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What must have it been like to have been able to sit down with a first-hand participant of the Battle of Franklin, within minutes after the battle, and to get his observations?  Fortunately, we don’t have to imagine.  All we need to do is to read the authentic accounts from those who lived through it themselves to know.  One such lucky soldier was Lee Ewing from the 63rd Indiana Infantry.

It is these kind of first-hand accounts that far surpass accounts recorded in official reports, newspapers, and post-war recollections (some decades later).

Captain Addison Lee Ewing (Co I, 63rd Indiana) was on the far left Union flank at Franklin, serving in Stiles’ Brigade.  I have blogged on Ewing many times in the past.  Ewing was from Haubstadt, Indiana – near Evansville – and served throughout the entire war. He kept a personal diary faithfully, recording his observations and reflections every day. He also wrote home a lot.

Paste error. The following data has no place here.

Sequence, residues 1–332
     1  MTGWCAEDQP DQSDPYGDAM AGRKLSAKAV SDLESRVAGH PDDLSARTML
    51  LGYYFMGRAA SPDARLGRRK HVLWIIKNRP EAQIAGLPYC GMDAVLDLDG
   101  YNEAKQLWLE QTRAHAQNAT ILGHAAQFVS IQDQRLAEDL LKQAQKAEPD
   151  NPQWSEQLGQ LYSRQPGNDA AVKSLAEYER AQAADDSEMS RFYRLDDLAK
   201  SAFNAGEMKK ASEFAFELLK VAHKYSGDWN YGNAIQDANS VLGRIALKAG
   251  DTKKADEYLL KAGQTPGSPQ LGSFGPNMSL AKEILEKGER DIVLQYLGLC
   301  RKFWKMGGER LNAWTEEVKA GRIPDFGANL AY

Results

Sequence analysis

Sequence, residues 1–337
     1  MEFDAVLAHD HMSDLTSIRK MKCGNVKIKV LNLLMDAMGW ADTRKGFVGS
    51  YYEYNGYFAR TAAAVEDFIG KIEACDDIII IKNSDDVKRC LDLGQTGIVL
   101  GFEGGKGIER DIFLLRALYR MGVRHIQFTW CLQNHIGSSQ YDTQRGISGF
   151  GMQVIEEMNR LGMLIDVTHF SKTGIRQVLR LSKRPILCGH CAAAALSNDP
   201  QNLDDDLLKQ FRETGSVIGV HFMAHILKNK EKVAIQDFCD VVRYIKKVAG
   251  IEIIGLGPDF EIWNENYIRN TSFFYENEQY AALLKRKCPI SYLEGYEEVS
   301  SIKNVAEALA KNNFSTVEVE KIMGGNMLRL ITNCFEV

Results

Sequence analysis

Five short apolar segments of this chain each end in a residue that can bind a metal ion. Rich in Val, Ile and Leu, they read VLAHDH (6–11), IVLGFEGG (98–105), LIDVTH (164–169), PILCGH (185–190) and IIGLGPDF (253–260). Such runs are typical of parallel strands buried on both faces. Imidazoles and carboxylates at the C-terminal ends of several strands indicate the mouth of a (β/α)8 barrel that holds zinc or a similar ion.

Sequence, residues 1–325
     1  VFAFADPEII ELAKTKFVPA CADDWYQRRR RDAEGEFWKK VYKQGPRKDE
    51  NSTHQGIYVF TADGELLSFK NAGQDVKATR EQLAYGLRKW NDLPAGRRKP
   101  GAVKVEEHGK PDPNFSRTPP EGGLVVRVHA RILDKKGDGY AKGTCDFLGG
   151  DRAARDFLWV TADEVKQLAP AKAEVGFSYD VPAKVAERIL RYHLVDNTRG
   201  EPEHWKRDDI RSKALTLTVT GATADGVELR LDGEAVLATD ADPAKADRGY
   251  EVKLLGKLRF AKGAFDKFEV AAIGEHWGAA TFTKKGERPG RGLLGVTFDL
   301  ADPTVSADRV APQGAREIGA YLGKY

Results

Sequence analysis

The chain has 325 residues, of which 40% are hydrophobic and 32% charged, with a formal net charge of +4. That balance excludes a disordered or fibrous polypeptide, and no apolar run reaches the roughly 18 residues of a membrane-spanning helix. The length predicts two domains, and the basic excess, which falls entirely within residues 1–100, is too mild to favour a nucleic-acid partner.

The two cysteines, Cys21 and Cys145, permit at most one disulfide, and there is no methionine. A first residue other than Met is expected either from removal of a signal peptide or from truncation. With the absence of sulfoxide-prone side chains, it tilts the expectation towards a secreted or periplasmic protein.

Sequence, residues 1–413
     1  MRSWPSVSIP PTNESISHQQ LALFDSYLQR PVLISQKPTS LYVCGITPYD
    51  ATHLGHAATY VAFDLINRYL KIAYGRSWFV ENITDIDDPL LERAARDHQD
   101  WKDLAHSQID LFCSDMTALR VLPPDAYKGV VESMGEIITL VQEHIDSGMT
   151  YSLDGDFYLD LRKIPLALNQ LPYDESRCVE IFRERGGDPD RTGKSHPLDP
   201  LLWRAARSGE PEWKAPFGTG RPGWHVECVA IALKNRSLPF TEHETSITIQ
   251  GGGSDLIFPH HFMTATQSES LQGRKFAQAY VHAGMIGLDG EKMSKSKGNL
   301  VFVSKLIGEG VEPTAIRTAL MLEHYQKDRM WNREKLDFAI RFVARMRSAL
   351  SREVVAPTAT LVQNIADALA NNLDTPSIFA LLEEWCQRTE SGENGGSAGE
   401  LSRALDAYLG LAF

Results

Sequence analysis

Several years ago I was very fortunate to acquire a large collection of personal letters and documents that belonged to Ewing. I say fortunate, because there were many times when his personal papers and correspondence, that he kept with him while in the field, was nearly lost or destroyed.  I have three dozen or so letters by him and numerous documents like muster in/out rolls.

I also have a copy of his entire war time diary.  His current living descendants have been most gracious and magnanimous in providing me access and info on their ancestor.